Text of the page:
Blood Tribe Police reports positive change for Kainai Indian Days 2017 coverage
The 51st annual Kainai Indian Days were held earlier this summer on the Blood Reserve in southern Alberta, which are historically the busiest time of year for Blood Tribe Police Service. This year, however, the service says things were “remarkably different” when it came to charges laid.
The community of Blood Tribe hosted a rodeo, competition powwow, baseball tournament, traditional hand games and a fair that attracted “thousands of people to the community.”
Blood Tribe Police (BTPS) says it deployed all available resources and was supported by partners such as Lethbridge Police Service, RCMP and Alberta Sheriffs.
In comparison to the 2016 event, there were fewer calls for service, less prisoners and crime severity was reduced, according to BTPS. EMS and police did not deal with any fentanyl overdoses this year, compared to 2016.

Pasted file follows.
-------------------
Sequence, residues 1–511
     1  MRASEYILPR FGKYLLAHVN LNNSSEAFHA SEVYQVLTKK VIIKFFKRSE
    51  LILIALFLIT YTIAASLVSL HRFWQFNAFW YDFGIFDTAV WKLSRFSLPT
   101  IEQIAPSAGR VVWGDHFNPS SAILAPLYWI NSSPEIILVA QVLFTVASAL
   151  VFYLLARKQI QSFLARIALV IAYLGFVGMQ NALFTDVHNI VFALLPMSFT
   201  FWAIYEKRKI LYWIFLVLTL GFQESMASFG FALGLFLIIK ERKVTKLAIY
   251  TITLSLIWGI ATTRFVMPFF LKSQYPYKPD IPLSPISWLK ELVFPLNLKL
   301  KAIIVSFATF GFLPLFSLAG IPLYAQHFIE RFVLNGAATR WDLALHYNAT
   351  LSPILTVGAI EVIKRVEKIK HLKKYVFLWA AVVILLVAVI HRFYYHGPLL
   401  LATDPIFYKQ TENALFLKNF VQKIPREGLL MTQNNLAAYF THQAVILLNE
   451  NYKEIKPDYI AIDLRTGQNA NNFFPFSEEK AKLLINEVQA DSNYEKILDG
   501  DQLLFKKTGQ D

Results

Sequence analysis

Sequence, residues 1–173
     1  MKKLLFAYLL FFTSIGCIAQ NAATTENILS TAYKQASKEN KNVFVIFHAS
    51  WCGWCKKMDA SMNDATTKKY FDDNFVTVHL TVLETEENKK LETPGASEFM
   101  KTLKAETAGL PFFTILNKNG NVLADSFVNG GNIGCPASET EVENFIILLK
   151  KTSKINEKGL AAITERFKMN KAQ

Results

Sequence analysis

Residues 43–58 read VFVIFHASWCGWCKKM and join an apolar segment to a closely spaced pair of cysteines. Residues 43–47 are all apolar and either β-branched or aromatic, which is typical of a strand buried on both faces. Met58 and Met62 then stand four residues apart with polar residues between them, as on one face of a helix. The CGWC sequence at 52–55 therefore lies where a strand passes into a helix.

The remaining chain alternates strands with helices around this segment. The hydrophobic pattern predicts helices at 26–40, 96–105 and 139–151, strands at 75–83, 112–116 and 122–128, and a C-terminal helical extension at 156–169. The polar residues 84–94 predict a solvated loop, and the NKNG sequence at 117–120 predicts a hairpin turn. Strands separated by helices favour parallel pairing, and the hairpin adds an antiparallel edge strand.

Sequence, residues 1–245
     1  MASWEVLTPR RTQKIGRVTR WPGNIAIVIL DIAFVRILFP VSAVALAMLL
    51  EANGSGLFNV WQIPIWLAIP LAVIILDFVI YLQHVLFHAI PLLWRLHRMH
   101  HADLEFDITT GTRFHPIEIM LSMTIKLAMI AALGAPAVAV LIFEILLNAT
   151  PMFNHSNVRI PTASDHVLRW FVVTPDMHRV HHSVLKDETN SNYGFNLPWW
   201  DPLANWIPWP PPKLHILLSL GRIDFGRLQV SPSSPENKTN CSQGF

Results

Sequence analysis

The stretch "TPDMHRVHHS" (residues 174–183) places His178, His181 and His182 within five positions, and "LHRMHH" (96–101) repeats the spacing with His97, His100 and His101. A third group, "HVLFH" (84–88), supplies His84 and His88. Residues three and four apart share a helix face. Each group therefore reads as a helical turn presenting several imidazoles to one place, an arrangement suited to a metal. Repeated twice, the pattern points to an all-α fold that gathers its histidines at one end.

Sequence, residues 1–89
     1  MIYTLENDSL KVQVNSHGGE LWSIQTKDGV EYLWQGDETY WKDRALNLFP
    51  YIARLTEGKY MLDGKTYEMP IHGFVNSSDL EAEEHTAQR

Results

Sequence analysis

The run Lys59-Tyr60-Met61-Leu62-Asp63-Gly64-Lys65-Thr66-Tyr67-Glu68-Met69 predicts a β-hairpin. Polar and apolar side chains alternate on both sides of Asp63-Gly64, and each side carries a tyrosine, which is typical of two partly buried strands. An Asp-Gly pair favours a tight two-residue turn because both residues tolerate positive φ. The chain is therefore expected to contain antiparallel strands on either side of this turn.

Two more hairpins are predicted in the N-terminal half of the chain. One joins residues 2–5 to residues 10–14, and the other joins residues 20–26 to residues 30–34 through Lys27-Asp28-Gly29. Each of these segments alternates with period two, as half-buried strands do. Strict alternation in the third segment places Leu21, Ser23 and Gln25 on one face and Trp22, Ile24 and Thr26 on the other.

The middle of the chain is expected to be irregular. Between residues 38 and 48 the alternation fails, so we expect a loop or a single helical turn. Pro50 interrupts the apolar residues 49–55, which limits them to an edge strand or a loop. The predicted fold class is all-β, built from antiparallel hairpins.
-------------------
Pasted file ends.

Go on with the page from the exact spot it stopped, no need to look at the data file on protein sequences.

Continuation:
“BTPS contributes this positive change to their enforcement efforts but also recognizes how the community has taken a stance against the illicit drug trade since a state of emergency in 2015, which was a result of the fentanyl overdose death toll,” the police service stated. “The community has worked diligently to spread awareness and many have made remarkable efforts to inform police of any suspicious activity.”
BTPS received 96 calls for service and a total of 35 charges were laid for various offences.
The BTPS Cadet Program, which consists of high school students, was also showcased throughout Kainai Indian Days, participating in grand entries, the parade and serving food during the Chief and Council Feast.